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Those who feel like a fraud at work or school may be experiencing impostor syndrome

Medium front shot of young white male with a pensive look leaning against a wall of an elevated walkway looking to his right at the city. He is wearing a dark blue suit, light blue shirt and patterned blue tie.
Gregory Hayes
Impostor syndrome is when even though one is successful, feeling that it is not deserved or earned.

Also called 'perceived fraudulence,' the condition is common in both men and women with minority groups showing particularly high rates of occurrence.

Up to 82% of adults feel they are unworthy of their success.

People experiencing imposter syndrome are afraid of being discovered as a fraud, says Julie Norem, professor of psychology at Wellesley College.

“You really feel as if other people evaluate you more highly than you evaluate yourself,” Norem explains. The view of imposter syndrome as she sees it needs to change from symptoms in an individual to "a reflection of systems that don't accommodate real people in the way that they should."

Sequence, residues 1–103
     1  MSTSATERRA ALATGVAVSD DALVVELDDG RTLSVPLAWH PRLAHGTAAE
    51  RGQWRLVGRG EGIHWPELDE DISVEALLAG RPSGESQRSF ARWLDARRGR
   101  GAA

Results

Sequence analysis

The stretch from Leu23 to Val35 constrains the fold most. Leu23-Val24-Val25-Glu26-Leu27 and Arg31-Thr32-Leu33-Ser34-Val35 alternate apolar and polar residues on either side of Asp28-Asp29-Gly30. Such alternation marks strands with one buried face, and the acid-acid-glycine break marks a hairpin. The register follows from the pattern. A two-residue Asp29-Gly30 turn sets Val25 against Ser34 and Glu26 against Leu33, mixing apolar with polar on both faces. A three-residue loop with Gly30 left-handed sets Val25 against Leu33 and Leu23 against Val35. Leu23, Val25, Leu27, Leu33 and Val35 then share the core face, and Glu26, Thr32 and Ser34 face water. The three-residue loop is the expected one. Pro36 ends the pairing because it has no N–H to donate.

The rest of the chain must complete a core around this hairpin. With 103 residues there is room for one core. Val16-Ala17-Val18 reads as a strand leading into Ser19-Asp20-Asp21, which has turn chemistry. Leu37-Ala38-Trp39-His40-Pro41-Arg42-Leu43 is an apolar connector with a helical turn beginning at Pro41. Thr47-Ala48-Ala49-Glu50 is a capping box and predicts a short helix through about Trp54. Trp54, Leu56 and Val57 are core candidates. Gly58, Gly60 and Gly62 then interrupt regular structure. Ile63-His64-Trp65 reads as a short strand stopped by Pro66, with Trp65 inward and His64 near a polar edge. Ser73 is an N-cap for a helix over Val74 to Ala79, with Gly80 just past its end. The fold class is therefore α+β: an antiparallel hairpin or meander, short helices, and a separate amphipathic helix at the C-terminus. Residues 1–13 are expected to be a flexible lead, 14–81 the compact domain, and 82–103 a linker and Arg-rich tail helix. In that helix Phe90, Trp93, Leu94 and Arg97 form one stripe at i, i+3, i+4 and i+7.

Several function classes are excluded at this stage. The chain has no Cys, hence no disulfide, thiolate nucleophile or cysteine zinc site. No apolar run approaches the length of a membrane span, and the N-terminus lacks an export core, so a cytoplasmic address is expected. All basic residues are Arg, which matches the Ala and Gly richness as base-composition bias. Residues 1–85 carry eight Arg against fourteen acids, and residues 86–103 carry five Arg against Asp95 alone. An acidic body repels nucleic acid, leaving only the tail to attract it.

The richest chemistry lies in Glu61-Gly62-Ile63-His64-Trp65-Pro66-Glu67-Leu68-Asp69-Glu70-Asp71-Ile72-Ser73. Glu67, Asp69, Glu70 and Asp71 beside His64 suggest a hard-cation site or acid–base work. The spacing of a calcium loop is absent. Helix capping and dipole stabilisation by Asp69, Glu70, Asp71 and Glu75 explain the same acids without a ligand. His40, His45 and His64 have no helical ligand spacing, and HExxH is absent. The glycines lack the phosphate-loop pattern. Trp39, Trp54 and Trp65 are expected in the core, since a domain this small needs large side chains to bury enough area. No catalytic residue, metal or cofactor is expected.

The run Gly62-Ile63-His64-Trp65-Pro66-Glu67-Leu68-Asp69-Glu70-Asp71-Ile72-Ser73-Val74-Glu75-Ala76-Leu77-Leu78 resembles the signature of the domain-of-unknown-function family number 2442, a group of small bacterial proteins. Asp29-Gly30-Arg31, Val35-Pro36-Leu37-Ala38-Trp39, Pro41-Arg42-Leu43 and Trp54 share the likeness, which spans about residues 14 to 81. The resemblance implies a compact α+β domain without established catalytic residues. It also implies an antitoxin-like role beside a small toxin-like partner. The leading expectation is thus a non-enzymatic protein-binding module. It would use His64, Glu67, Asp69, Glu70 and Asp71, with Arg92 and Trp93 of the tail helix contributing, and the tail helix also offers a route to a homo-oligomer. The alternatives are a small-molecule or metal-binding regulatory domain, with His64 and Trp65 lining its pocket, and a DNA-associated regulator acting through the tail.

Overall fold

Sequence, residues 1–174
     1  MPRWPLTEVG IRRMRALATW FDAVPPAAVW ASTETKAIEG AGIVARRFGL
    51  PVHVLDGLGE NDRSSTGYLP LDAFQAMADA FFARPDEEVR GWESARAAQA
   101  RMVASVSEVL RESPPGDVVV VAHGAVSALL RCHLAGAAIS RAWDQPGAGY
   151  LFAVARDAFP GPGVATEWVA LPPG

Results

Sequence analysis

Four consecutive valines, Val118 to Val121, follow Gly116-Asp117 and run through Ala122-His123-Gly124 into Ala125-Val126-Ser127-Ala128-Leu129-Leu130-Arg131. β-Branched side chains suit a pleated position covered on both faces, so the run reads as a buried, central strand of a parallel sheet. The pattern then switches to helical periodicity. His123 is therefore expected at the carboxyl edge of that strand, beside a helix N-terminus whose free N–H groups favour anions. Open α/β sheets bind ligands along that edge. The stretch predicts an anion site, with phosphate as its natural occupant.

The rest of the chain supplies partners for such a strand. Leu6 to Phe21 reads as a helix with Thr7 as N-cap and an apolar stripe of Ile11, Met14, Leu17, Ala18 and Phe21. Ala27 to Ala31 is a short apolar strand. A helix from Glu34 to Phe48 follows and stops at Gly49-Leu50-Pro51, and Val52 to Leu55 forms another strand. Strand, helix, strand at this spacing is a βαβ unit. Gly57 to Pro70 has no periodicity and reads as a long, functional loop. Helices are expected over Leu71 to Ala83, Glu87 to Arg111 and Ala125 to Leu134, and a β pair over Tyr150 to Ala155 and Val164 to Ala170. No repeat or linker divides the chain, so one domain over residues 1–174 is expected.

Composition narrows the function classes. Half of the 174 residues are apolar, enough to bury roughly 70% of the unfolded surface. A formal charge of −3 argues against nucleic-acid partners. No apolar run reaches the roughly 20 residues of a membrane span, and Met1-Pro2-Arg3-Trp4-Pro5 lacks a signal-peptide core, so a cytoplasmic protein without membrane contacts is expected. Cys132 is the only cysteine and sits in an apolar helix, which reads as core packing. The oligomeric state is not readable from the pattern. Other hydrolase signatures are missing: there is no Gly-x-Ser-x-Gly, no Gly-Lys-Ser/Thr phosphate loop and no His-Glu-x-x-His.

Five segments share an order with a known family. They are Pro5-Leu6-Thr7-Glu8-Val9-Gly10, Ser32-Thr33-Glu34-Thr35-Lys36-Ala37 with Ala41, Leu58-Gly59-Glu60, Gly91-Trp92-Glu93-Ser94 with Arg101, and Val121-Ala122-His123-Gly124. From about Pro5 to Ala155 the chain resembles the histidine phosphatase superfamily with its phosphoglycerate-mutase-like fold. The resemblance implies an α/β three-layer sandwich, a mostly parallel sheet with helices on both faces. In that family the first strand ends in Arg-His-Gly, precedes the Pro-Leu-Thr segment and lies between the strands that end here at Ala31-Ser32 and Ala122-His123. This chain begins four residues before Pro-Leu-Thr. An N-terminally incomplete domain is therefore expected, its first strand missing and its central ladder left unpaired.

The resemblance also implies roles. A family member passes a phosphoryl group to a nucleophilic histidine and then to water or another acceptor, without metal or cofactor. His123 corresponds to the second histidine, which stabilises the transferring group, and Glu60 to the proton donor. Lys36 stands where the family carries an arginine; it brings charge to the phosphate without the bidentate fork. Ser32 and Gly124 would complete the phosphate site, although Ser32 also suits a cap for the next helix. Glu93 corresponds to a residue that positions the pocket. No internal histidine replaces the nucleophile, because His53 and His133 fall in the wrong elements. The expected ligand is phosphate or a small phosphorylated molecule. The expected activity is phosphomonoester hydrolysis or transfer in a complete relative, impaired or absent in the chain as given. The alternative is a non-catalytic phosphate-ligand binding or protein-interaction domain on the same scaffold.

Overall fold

As Kharissa Forte was starting her business, she began to lose her usual confidence because of the pressure to succeed. She believes impostor syndrome to be common among women of color who often code switch in order to fit in work environments lacking diversity and inclusion.

Forte envisions a work environment where “you get to be yourself. You don't need to perform for anybody. You are free to fully, authentically be yourself within this organization.”

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Eleanor Nash is an intern for KCUR's Up To Date. You can reach her at enash@kcur.org
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